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Nvidia valued at $1 trillion, what does this mean for AI and data centre industries?

Written by Wed 14 Jun 2023

As Nvidia became the first chip manufacturer to reach a $1 trillion valuation earlier this month, the future of AI and the data centre industry is on everyone’s mind. This milestone resulted from a 25% surge on the heels of an optimistic Q2 2023 forecast.

The forecast notably included a sales estimate of $11 billion – a full $4 billion above analyst expectations – due to rising demand for AI-driven servers.

In the last quarter alone, Nvidia also reaped $4.3 billion from its data centre division, an 18% increase from the previous quarter. A significant part of this growth comes from the success of Nvidia’s flagship A100 GPU for AI, which is sold for $10,000 per chip and is the go-to hardware for Microsoft in training OpenAI’s models.

After this figure was announced, Nvidia added $300 billion to its market capitalisation in a single day, reaching the $1 trillion mark. Nvidia is only the fifth US-based company to reach a $1 trillion valuation, joining the ranks of tech behemoths Alphabet, Amazon, Apple, and Microsoft.

The chip manufacturer’s stock also skyrocketed by more than 162% over the last year, driven by favorable market conditions and the company’s consistent performance.

Jensen Huang, CEO of Nvidia, credits the increased sales projections to two simultaneous transitions: accelerated computing and generative AI.

According to Huang, this shift implies that a trillion dollars of the installed global data centre infrastructure will eventually transition from general-purpose to accelerated computing, as companies race to apply generative AI into every product, service, and business process.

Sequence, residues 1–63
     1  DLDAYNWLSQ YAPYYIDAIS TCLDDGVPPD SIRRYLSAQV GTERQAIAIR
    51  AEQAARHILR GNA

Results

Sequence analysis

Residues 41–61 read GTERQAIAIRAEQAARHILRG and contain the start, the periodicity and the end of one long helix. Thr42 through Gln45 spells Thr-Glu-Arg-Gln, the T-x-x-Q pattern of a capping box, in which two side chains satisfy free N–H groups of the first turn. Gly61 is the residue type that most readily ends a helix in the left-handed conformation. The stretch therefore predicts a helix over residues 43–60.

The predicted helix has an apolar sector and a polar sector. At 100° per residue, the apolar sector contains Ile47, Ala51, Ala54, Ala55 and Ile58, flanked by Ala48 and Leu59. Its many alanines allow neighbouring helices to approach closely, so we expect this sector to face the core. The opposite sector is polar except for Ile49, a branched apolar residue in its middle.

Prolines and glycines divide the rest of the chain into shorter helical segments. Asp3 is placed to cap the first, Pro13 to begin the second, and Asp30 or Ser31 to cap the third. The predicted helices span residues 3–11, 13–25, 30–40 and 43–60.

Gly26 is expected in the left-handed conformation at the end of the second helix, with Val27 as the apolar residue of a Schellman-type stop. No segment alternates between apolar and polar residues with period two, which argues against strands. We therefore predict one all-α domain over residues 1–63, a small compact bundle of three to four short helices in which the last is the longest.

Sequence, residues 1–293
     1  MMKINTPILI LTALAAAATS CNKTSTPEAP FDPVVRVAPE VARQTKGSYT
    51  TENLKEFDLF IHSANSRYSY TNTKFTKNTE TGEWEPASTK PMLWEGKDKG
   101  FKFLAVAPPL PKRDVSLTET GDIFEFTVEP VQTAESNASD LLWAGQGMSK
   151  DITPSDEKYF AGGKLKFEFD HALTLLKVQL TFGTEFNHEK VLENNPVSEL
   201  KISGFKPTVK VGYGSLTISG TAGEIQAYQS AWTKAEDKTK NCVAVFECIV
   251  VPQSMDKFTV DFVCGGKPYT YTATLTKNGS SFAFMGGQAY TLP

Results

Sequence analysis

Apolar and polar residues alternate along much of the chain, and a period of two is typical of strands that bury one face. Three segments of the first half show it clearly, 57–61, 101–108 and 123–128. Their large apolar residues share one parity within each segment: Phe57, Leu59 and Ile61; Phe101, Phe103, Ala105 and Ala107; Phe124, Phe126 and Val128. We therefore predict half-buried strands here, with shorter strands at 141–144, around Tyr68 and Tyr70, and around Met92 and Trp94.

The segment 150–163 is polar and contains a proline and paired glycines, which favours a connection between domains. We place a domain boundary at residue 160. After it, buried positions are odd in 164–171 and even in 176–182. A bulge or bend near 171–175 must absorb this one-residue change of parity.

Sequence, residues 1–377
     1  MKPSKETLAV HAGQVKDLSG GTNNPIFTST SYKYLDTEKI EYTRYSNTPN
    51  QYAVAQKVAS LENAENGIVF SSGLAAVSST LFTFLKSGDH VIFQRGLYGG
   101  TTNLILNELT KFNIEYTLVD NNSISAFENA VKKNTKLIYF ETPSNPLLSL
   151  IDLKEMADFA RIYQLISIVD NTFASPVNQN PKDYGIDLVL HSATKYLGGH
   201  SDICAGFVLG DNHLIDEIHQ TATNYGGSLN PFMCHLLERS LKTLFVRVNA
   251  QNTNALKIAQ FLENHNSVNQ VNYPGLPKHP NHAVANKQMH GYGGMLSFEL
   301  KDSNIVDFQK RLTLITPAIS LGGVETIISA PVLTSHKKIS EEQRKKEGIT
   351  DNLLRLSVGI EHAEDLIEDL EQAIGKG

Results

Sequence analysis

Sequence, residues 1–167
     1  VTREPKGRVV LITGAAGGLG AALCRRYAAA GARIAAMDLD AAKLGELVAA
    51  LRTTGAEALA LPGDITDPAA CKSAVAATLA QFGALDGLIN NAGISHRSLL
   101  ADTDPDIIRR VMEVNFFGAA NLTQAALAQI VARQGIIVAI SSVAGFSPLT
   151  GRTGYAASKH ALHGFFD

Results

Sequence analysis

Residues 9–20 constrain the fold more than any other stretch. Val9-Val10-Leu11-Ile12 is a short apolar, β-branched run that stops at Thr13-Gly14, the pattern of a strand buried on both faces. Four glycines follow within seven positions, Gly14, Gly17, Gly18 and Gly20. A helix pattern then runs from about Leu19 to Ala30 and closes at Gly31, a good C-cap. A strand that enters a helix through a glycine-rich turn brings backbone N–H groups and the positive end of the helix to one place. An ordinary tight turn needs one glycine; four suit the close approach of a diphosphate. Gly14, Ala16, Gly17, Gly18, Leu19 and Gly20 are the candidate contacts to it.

Nvidia also plans to launch a successor to its AI100, called H100. The company is also introducing a cloud-based AI supercomputer platform that enables businesses to access their high-performance DGX AI supercomputers.

But competition is heating up, as AMD is gearing up to challenge Nvidia’s supremacy, unveiling its upcoming line of AI processors designed to cater to the increasing AI traffic in data centres. Their Instinct MI300 series features the MI300X, an accelerator tailored for generative AI technologies like ChatGPT.

Amazon Web Services (AWS), the world’s leading cloud computing provider, is exploring the possibility of using AMD’s new AI chips. An AWS executive, speaking to Reuters, confirmed the consideration but clarified that a final decision is yet to be made.

This move could signal a potential shift in the data centre industry, raising the stakes for Nvidia and shaping the future of AI-powered data centres.

What does this mean for the AI and data centre industries?

The market interpretation of Nvidia’s trillion-dollar valuation is a mixed bag. While many celebrate the triumph of AI technologies, the rising demand for this technology could lead to complete data centre overhauls. Instead, data centre operators might benefit from more incremental changes to mitigate disruption and enable measurable ROI assessment.

Bradley Shimmin, AI industry analyst at Omida, acknowledged the exploding AI ecosystem but points out that businesses may be more interested in cutting costs and accelerating time-to-market with advanced AI hardware acceleration rather than complete server replacement.

Simultaneously, there’s a parallel trend of achieving more with less in the AI sector, with researchers devising ways to use models with fewer parameters, highly curated data sets, and smarter training techniques such as PEFT and LoRa. This approach may dictate how data centres adopt AI, emphasising efficiency and optimisation over total overhaul.

Ken Griffin, founder and CEO of Citadel, echoes the cautious sentiment. He advised the AI community to avoid overestimating the impact of AI.

“I do think the AI community is making a terrible mistake by being full of hype on the near-term implications of generative AI,” said Griffin.

Nvidia’s record valuation is undoubtedly a testament to the importance of AI in shaping the future of the tech industry. But it is clear that the path to fully AI-integrated data centres is not a straightforward one. While some data centres may rapidly adopt AI technologies, others might prefer a slower, more incremental approach.

In this dynamic landscape, Nvidia’s valuation marks a significant milestone in the journey of AI technology from the realms of scientific research to the heart of global business infrastructure. The challenge now lies in translating this value into sustainable growth for both AI and the data centre industry.

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Written by Wed 14 Jun 2023

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